|Birth: ||May 22, 1841|
|Death: ||Mar. 13, 1914|
Box Elder County
Box Elder News
19 March 1914
YEARS OF SUFFERING ENDS
On Friday morning of last week Mrs. Alice N. Rosenbaum closed her eyes in that final sleep and went to the rest she has undoubtedly prayed for for many years. For sixteen years she had been a sufferer with palsy and so violent did the trouble become in later years that she all but shook to pieces and her condition was pitiful. That death was a sweet release to her, none who were familiar with her condition,'will deny and when her death was announced many a heart breathed a fervent "Thank God.
Alice Neibaur Rosenbaum was the daughter of Alexander Neibaur of Salt Lake City, and was born in Nauvoo, Ill., May 22, 1841.
Her father enjoyed the distinction of being the first Jew to embrace the gospel of Jesus Christ as taught by the Latter Day Saints, and he with his wife was a staunch member of the church at time of the birth of the subject of this sketch.
The family was driven from Nauvoo with the rest of the inhabitants after the Prophet and Patriarch had been slain by the mob at Carthage, and they endured the hardships of that severe winter as they fled over the ice from their enemy. In 1848 the family journeyed to Utah and located in Salt Lake City.
Alice became the wife of Morris D. Rosenbaum on April 2nd, 1858 and lived with her husband a few years after at Salt Lake City. They later moved to this city where her husband, long since deceased, conducted a mercantile institution and later was manager of the Co-Op. This city has been the family home ever since. Thirteen children were brought into the world by Mrs. Rosenbaum, seven of whom preceded her to the other life. Of the remaining six there are three sons, David of this city, Andy of Los Angeles, Morris of La Grande, Oregon and three daughters, Mrs. Joseph Tippetts (sic) of Bear Lake, Mrs. Walt Samsel and Mrs. J.V. Facer of this city.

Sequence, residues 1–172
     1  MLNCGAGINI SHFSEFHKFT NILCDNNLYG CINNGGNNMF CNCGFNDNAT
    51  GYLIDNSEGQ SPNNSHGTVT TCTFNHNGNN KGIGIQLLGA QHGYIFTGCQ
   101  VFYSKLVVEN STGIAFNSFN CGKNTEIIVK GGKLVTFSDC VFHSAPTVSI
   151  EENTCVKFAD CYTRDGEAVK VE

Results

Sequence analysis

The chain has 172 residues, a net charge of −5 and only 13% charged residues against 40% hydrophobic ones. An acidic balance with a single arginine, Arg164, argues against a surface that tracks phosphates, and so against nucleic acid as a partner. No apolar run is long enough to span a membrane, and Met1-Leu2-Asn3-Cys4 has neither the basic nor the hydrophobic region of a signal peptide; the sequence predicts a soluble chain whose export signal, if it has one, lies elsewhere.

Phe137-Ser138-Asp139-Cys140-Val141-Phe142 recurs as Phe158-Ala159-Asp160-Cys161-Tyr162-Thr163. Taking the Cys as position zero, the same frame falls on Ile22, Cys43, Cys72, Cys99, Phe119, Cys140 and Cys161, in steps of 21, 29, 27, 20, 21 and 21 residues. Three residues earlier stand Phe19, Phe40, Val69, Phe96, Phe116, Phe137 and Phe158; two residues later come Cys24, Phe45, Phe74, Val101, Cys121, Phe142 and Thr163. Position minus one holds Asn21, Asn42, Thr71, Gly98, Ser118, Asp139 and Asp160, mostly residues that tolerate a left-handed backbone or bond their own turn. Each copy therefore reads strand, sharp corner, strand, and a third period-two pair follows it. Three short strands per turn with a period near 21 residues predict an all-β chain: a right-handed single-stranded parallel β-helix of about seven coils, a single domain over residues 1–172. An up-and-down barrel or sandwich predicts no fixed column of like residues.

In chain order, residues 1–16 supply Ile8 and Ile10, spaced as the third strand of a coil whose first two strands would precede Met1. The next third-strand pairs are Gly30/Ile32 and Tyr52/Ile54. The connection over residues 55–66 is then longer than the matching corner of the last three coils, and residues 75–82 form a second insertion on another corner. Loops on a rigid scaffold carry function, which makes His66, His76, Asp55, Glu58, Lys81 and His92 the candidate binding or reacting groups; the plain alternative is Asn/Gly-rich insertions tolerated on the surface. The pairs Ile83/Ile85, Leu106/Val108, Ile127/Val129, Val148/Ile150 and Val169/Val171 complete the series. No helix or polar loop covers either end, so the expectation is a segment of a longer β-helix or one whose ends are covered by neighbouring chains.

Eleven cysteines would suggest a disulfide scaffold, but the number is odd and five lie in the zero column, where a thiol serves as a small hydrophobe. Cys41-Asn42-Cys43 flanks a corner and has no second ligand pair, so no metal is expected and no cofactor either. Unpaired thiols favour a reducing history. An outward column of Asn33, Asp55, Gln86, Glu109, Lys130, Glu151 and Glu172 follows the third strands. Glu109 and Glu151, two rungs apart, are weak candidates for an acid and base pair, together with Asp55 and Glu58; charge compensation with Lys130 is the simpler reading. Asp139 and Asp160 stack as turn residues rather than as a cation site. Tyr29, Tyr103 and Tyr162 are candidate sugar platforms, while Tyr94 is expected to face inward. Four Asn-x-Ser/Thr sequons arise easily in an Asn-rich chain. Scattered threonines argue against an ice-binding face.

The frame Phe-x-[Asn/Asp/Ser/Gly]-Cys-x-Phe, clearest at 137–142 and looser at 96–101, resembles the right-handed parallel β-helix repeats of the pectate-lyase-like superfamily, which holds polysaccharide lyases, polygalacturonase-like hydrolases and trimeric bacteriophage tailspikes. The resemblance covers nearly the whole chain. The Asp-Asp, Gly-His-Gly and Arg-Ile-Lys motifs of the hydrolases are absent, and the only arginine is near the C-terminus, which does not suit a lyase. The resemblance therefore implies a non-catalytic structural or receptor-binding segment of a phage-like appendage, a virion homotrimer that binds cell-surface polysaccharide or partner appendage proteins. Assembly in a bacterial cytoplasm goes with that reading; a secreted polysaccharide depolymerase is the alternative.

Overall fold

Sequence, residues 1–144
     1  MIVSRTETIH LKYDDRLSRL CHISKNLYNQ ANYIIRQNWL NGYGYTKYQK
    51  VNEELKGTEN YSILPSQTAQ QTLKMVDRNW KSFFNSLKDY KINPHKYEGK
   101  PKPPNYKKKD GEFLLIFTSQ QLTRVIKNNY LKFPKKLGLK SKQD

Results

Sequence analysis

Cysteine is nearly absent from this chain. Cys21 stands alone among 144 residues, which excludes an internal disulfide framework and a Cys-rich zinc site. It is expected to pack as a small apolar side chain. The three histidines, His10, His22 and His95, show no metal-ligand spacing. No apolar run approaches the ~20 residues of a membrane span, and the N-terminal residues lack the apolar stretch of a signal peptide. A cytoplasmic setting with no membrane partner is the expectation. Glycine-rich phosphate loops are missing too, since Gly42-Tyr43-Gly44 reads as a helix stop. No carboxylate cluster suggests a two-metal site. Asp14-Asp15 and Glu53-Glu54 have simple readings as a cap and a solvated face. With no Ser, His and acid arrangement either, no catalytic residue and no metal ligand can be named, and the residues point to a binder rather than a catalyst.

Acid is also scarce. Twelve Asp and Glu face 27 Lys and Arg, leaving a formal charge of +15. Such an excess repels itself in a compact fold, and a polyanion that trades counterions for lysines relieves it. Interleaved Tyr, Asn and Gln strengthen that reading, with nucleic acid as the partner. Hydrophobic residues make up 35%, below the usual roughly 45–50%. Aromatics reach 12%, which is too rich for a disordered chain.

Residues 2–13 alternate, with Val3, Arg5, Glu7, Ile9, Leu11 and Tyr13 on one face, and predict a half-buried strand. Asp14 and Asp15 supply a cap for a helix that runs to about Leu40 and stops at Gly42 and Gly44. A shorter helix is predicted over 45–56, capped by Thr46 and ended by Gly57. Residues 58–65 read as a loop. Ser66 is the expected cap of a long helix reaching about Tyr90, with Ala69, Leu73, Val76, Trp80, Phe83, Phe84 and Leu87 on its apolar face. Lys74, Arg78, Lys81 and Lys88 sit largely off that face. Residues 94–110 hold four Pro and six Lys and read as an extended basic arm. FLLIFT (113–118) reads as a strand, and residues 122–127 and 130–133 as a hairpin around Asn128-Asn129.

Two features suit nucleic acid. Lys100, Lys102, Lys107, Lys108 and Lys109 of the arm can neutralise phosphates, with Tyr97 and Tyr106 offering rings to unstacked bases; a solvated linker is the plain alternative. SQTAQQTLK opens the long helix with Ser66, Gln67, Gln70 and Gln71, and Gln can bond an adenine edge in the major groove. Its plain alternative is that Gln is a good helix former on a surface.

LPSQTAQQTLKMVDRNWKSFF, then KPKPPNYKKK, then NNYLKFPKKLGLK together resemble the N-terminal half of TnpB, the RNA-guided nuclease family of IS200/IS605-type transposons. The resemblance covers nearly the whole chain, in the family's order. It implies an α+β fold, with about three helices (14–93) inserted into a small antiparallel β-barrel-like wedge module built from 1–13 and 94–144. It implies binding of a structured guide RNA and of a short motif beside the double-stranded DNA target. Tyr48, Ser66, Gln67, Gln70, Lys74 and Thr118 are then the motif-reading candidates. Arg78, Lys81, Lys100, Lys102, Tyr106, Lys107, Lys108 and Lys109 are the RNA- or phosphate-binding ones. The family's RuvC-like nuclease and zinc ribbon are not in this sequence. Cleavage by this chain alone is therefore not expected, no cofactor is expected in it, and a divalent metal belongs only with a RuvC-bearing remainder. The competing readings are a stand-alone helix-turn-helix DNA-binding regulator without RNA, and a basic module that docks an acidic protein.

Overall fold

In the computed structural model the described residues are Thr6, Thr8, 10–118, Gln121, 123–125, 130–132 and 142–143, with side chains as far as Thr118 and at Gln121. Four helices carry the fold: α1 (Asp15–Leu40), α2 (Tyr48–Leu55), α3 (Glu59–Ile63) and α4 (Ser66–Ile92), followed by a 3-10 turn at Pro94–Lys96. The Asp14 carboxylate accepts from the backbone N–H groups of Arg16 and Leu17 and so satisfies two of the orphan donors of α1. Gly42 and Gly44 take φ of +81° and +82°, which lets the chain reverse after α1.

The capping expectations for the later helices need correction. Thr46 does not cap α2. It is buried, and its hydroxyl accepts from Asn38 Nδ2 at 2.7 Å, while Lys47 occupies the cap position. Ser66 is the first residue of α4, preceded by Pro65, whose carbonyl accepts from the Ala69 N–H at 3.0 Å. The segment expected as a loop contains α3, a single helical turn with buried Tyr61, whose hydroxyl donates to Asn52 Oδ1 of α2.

Mrs. Rosenbaum was a true woman in every sense of the word. Kind hearted, cheerful, energetic and having a love for humanity in general, she very naturally endeared herself to all with whom she became acquainted. In the church she gave her best efforts being a Relief Society worker all during her married life until her affliction prevented further activity, and she has blessed many an aching heart in time of trouble by her kind consideration and gentle administration.
Beautiful funeral services were held in the First ward chapel Monday afternoon beginning at 1 o'clock. Eulogies (sic) were paid to her character by Wm. Horsley, R.L. Fishburn Sr., Bishop T.H. Blackburn, John D. Peters, Bishop C.W. Nibley of Salt Lake City, who was her brother-in-law and G.W. Watkins.
The musical numbers rendered by the choir were the hymns "Sister, Thou was Mild and Lovely, "Resting Now," and 'O My Father." Between speakers Victor E. Madsen sang "I Know That My Redeemer Lives." The prayers were offered by Bishop D. P. Burt and Elder N. J. Valentine. There was a wealth of floral emblems. The pall bearers were the three sons, two brothers and a grand son of the deceased.
Quite a number of relatives from out of town were present at the services.
Alexander Neibaur (1808 - 1883)
Ellen Breakell Neibaur (1811 - 1870)
Morris David Rosenbaum (1831 - 1885)
David Rosenbaum (1860 - 1923)*
Ellen Rosenbaum Tippets (1861 - 1922)*
Morris Rosenbaum (1867 - 1938)*
Abigail R. Samsel (1882 - 1958)*
Joseph William Neibaur (1835 - 1927)*
Margaret Jane Neibaur Miller (1836 - 1928)*
Samuel Breakell Neibaur (1838 - 1839)*
Isaac Neibaur (1839 - 1900)*
Alice Breakell Neibaur Rosenbaum (1841 - 1914)
Bertha Breakel Neibaur Fillmore (1842 - 1912)*
Hyrum Smith Neibaur (1844 - 1934)*
Leah Breakel Neibaur Paul (1846 - 1913)*
Rachel Neibour (1847 - 1847)*
Sarah Ellen Neibaur O'Driscoll (1849 - 1945)*
Rebecca Ann Neibaur Nibley (1851 - 1926)*
Mary Esther Neibaur (1852 - 1852)*
Matilda Isabell Neibaur Lorden (1854 - 1911)*
Nathan Alexander Neibaur (1855 - 1942)*
Brigham City Cemetery
Box Elder County
Created by: Don Shelley
Record added: Mar 18, 2009
Find A Grave Memorial# 34953710
Pioneers, O Pioneers!|
Added: Apr. 4, 2011
Added: Jan. 6, 2011